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28 November 2011 Pulsed ablation of carbon/graphite surfaces and development of plume-kinetics model
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Plumes were generated by ablation of graphite using a 248 nm excimer laser in the presence of low-pressure argon at 50-1000 mTorr. The pulsed laser deposition of energy on carbon/graphite targets at fluences of 1-5 J/cm2 in low pressure argon backgrounds yields emissive plumes with large kinetic energies (estimated between 10-200 eV ), driving the formation of a shock front with large Mach numbers (M). The plumes were investigated using element specific imaging (filtered and gated ICCD camera), time-of-flight experiments, and UV - VIS - IR spectroscopy. We expect to see contributions from atomic carbon as well as the C2 diatomic. Studies showed the importance of plume/substrate interaction in causing secondary excitation/interaction phenomena. The propagation of the shock front is independent of ionization species and adequately characterized by the Sedov-Taylor shock model during the early life-time of the plume if the dimensionality is allowed to deviate from ideal spherical expansion. The ideal efficiency of energy conversion from laser pulse to shock expansion is investigated. The low background pressures between 50 and 1000 mTorr are sufficient for the generation of a strong shock front with significant thickness, but may be too low to develop three-dimensional flow. It can be shown that shock strength is proportional to the Mach number.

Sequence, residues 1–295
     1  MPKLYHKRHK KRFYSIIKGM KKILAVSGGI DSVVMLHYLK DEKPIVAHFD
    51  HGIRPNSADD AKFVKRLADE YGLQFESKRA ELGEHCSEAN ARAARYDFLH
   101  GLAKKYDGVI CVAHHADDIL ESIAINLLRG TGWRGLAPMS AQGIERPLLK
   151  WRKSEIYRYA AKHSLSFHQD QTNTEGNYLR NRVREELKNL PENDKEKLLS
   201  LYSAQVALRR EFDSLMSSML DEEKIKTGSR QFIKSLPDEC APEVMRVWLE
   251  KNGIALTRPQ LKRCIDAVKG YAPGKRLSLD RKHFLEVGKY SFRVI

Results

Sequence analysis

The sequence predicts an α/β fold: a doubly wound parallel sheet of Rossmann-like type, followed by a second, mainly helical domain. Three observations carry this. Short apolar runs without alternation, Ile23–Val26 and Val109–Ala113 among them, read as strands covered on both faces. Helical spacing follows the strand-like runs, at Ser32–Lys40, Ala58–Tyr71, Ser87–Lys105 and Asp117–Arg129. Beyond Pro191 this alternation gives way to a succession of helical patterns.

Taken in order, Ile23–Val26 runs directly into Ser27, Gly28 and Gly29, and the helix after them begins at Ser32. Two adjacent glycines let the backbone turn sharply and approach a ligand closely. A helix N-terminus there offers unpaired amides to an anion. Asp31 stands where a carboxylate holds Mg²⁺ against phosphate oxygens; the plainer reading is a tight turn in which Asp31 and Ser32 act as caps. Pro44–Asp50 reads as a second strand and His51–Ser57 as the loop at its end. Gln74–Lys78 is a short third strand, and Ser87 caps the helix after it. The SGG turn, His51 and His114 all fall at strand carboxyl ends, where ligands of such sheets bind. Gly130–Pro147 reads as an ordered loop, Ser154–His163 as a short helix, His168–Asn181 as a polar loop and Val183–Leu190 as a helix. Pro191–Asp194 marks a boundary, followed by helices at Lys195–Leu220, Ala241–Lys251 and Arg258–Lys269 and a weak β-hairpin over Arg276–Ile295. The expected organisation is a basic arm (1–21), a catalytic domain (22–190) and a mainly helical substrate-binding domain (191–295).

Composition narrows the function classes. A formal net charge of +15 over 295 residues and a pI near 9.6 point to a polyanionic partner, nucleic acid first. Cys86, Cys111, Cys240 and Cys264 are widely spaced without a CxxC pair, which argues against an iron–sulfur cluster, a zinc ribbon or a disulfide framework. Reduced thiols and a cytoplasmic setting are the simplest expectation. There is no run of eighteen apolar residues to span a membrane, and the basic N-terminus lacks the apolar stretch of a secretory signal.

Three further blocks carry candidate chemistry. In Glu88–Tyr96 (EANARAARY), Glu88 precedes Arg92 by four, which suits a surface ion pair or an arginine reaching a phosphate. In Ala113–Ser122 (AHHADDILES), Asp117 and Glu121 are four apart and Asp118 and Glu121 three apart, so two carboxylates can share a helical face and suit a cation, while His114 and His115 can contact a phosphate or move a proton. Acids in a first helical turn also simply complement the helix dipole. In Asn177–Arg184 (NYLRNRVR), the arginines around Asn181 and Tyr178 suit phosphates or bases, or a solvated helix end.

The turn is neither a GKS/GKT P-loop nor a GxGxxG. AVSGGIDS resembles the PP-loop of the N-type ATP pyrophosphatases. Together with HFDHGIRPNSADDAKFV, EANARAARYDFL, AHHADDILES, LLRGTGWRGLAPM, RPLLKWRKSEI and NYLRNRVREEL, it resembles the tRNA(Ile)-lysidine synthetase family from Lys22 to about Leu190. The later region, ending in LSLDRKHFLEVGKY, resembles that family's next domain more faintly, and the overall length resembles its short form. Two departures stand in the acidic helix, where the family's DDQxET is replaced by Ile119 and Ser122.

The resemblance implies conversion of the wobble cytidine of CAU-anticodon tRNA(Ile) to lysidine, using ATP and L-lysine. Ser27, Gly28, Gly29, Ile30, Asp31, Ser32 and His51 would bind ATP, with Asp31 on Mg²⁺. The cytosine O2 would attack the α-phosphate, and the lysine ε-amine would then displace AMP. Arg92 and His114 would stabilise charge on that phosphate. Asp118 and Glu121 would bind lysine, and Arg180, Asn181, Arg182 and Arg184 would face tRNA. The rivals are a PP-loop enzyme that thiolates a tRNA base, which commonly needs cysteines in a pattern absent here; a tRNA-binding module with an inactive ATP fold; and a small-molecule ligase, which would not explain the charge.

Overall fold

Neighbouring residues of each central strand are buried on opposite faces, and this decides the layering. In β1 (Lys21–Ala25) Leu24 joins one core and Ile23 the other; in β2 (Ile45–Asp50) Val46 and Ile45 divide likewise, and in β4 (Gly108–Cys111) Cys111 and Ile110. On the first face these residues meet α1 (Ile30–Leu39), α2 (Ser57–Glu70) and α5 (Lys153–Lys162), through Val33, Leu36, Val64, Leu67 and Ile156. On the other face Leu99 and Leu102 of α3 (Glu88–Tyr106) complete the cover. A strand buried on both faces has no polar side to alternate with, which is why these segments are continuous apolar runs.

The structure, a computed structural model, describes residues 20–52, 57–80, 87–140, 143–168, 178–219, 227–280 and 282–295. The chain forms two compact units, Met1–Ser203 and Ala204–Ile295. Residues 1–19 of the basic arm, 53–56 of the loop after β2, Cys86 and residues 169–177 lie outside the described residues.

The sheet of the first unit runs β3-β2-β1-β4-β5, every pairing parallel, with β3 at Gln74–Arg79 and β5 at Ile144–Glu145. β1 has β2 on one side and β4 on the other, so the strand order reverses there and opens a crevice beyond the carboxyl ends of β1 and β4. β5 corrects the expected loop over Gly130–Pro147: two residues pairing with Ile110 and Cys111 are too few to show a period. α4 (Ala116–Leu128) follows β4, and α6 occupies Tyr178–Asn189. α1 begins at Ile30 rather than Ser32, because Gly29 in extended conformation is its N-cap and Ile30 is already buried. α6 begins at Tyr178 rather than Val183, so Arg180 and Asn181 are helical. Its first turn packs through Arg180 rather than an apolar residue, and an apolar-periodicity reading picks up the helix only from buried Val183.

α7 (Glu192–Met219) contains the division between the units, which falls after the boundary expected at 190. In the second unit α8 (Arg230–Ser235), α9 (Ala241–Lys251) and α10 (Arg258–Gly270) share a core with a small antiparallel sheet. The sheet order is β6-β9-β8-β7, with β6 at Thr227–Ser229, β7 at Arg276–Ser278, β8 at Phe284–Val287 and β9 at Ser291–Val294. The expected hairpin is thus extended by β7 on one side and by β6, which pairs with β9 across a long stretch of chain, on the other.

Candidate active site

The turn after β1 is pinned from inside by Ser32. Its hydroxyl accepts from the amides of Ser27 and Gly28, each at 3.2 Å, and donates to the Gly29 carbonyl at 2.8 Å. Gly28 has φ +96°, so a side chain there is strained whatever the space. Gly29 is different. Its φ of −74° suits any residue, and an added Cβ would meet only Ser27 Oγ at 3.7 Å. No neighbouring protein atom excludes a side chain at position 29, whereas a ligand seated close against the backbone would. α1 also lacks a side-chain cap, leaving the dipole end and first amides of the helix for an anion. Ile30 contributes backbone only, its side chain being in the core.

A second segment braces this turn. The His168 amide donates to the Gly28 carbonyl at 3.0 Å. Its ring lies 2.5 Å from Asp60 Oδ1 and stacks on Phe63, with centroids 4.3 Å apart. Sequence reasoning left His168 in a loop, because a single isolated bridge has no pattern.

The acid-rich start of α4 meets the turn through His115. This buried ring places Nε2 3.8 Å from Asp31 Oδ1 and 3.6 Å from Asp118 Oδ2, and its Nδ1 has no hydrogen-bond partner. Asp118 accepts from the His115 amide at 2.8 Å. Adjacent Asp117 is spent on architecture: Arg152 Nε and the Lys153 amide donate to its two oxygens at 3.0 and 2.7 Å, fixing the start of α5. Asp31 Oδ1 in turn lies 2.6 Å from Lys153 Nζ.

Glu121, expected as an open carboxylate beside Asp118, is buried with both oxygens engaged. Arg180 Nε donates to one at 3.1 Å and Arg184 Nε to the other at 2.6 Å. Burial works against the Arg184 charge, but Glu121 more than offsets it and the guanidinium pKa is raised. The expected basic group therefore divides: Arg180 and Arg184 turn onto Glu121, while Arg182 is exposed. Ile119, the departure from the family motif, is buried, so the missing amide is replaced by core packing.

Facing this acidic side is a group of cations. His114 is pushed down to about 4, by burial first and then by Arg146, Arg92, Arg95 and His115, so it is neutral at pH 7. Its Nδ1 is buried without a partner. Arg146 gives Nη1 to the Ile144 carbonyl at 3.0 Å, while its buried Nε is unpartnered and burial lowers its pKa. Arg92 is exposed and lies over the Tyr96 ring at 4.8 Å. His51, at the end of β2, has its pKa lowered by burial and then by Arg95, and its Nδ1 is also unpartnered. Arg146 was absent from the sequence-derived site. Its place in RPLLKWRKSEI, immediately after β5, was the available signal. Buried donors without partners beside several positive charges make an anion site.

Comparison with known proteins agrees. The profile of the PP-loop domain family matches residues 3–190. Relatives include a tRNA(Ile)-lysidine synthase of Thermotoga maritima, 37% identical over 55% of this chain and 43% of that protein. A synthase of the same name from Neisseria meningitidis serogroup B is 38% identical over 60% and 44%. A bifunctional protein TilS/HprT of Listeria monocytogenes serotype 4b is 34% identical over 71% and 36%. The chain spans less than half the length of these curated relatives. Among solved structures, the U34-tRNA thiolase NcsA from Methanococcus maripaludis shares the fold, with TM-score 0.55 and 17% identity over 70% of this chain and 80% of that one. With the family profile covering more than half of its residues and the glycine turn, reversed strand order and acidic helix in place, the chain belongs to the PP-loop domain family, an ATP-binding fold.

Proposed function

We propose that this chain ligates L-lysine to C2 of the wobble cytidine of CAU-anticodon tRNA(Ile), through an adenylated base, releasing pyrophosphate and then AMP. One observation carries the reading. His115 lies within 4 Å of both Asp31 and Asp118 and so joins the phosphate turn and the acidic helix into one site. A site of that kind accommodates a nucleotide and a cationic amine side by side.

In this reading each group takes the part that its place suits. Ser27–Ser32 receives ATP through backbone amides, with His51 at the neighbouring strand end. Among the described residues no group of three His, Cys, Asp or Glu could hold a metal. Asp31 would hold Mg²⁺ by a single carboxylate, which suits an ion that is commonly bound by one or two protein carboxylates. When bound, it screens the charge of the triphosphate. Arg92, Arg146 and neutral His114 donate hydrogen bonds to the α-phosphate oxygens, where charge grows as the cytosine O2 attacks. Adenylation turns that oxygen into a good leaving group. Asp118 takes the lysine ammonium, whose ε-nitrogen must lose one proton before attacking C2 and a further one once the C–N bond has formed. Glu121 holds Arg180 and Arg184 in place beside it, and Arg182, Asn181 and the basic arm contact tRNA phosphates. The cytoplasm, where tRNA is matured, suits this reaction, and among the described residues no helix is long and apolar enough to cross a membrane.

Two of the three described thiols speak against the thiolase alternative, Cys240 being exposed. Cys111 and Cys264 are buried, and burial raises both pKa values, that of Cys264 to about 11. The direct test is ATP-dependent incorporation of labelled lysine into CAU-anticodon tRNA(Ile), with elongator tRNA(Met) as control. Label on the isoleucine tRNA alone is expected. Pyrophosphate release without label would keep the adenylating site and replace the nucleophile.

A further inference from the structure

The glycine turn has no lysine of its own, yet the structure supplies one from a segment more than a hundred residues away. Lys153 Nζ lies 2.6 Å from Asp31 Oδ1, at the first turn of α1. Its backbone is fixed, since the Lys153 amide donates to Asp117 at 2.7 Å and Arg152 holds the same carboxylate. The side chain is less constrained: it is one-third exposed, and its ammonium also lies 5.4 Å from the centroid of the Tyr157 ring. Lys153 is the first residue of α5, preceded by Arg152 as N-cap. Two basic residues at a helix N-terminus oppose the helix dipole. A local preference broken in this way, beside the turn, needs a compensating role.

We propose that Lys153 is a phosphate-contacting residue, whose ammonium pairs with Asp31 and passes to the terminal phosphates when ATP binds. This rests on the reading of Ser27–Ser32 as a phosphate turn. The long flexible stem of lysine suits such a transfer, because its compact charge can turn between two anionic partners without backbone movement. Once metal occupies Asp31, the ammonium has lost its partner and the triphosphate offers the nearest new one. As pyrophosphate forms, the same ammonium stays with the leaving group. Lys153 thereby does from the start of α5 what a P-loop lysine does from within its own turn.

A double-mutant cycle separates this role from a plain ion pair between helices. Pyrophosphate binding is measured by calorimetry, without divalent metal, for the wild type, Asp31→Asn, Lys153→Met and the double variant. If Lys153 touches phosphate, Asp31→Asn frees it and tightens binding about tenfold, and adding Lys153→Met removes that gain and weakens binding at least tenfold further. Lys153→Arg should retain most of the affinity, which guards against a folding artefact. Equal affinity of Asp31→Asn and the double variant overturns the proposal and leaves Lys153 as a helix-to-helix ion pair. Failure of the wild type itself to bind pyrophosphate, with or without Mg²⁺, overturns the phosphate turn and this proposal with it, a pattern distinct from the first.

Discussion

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C. Dean Roberts, Michael A. Marciniak, and Glen P. Perram "Pulsed ablation of carbon/graphite surfaces and development of plume-kinetics model", Proc. SPIE 8190, Laser-Induced Damage in Optical Materials: 2011, 81901F (28 November 2011);

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